I'm sure the project managers would love to get this thing done and start collecting tolls. But those interchanges -- especially the 66 interchange -- are the parts that are going to take the longest.

So I think the Olympic experience will continue into the fall.


Actually it's been there for a while and there is a sign showing the lane will end. The problem is the sign looks like it belongs with the Toll Rd.

Thanks. This is a follow-up on our earlier exchange about the Dulles Connector going into the Toll Road.

Dr. G: Ashley Halsey's Feb 18 article on the revenue generating potential of work zone cameras illustrates the need to end the santimonious hyprocracy that they -- along with most speed limit and red light cameras -- are being installed not for safety, but for revenue . Ohio and Penna. declare their entire states "work zones" so that they can double fines. Penna. imposes ridiculously low speed limits five miles out from a "work zone" and have sheriffs lurking, hidden in trees and hills. However, WVa have lights to indicate an active work zone. No flashing lights, no artifically reduced speed limits, no extra revenue. Maryland and Virginia ought to be similarly up-front and safety -- not revenue -- conscious.

The transportation and police agencies around here that use the cameras continue to tell me they use them to improve safety, not for revenue.

But if they were squeezing speeders and other scofflaws to generate revenue, I'd have no problem with that.

Are Metro's new paper fare card policies designed to discourage tourists from using the system? $6 each way for a family of 4 would be ridiculously expensive, especially if they have to park at a Metro lot as well. You could drive and park downtown for much less. They need to have a reasonable day pass available for tourists in my opinion. Unless they want to keep them out for some reason.

First, let's be clear that this flat fare thing for paper Farecards is a Metro proposal, not a done deal. People have six chances over the next to weeks to come out to public hearings and tell the Metro board members what they think of the idea.

I sense it's not too popular. And I find the concept a bit confusing: On the one hand, Metro staff says this flat fare system would be friendly for tourists because it would be easy to understand. No staring at the fare charts in the stations, trying to figure out how much to feed into the vending machine for a particular trip.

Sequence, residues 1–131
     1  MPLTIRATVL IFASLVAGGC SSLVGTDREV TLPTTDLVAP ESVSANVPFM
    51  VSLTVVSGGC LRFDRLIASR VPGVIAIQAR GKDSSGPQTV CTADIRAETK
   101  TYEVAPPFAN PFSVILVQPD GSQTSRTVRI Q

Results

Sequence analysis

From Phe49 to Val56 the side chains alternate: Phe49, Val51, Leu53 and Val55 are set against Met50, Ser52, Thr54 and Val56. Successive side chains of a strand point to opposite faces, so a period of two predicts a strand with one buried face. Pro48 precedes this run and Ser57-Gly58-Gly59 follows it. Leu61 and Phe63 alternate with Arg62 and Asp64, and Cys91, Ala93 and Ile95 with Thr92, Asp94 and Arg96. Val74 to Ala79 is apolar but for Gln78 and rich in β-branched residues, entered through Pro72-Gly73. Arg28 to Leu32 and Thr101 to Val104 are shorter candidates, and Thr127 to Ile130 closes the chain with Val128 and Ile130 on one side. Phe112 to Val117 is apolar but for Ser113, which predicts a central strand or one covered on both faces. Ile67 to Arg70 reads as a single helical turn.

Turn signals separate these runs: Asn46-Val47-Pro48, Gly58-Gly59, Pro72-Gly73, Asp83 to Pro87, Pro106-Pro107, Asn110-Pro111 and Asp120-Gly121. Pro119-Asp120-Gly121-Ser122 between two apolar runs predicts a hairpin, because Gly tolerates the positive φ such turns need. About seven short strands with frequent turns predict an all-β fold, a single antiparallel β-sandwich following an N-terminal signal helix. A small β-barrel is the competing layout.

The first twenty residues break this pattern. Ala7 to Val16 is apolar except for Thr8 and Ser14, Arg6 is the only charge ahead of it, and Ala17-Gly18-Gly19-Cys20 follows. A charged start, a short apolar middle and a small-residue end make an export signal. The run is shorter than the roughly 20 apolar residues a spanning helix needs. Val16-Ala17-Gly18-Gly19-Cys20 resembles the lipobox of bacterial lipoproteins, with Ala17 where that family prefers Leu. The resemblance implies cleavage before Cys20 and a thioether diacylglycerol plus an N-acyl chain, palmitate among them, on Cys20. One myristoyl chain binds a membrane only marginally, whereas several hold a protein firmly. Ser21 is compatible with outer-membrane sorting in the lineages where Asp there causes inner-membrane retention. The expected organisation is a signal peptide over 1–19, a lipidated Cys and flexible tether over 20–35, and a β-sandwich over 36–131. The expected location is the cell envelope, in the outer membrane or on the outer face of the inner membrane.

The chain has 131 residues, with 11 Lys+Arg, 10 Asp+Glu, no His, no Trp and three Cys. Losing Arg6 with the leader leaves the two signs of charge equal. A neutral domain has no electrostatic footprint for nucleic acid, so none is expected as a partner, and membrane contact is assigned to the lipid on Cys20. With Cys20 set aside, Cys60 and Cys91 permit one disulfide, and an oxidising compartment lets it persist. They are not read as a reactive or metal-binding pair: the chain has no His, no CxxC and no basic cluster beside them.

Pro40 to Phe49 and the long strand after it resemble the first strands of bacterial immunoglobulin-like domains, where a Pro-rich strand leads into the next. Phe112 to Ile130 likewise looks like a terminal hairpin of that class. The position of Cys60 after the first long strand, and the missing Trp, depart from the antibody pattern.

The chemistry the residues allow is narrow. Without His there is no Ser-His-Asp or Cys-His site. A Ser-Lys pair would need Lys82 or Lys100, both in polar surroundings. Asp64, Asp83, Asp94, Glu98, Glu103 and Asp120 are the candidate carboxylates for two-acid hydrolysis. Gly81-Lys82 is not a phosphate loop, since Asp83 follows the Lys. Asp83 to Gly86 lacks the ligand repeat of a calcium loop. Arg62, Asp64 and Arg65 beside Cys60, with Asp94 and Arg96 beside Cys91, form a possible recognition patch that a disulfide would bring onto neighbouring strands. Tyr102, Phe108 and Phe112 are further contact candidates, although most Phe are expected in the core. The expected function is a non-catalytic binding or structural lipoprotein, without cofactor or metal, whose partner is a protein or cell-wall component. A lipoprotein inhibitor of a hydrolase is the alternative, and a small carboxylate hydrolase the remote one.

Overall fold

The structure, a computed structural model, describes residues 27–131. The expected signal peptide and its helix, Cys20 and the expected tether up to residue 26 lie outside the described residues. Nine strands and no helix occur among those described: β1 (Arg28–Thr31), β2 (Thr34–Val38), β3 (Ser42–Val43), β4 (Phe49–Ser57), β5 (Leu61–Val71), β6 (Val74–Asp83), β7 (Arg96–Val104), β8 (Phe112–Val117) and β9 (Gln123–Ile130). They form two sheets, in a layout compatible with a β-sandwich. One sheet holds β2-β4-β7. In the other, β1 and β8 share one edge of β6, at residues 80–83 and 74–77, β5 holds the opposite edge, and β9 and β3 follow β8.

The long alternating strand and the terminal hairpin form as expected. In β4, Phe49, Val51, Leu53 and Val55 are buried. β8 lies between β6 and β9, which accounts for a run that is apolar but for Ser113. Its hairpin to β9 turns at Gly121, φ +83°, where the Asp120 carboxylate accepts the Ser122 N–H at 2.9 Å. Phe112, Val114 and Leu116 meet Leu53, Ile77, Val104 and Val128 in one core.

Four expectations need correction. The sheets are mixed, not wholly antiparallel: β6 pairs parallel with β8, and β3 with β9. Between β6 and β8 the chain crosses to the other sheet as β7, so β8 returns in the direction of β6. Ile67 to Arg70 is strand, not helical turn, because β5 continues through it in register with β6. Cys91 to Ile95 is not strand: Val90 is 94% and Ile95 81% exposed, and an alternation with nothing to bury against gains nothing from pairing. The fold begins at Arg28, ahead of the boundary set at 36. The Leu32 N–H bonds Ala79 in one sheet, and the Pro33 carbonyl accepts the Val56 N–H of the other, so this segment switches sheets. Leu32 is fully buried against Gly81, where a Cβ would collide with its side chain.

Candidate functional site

On the other hand, it's deliberately unfriendly: Transit officials are trying to shift the riders away from paper and to the plastic SmarTrip cards, which are more efficient and easier to use.  And they're trying to shift them by making it financially painful to buy paper Farecards at those proposed prices of $4 and $6.

One of the worst offensese i've seen: doing the crossword propped on the steering wheel while driving down 270...

Well, that's eye-catching.

Another weird one: Drivers tell me they get distracted staring into the back of the SUV ahead of them, where they can see what the kids are watching on the backseat video screens.

My problem is when the speed limit is blatantly underposted for no good reason and then they run strict enforcement. That's not always the case. I'd argue that the Beltway Express Lane work zone in Virginia is OVER-posted at 55 mph and that a lower limit would make more sense in a number of places, especially the "slalom" areas and the areas where old pavement markings left ruts. But consider I-66 between Fair Oaks and Gainesville. That road is four lanes on a side, smooth, wide shoulders, yet it's posted at either 55 or 60 mph. It's a better road than most of the ones VDOT posted at 70 mph!

I don't mean this as a contradiction about what you're saying regarding I-66 or the concept that some roads are underposted, but just to extend the conversation:

When I'm driving around the D.C. region, I sense that drivers don't have a problem with the posted speed limits. They routinely ignore them, unless traffic conditions force them to slow down.

What they have a problem with is enforcement of the speed limit. On Maryland's Intercounty Connector, for example, drivers who write to me say they hate seeing police cars. They think it would be much more sensible to assign those cars to other highways -- preferably ones that they don't drive.

Maybe I'm late to the game on this, but I really don't understand what's going on with Smart Trip cards. Apparently when you swipe it, you only get to see how much you have left on your office account, not your total, including personal contributions. Why do they do that? Is this as stupid as I think it is? Is there some sense that I'm missing? I've ended up with a ton of money on my card because I kept adding, thinking I was getting near 0, when in fact I was only getting near 0 in office contributions.

It's complicated. And people who know this stuff will realize that I'm giving you the short-version here: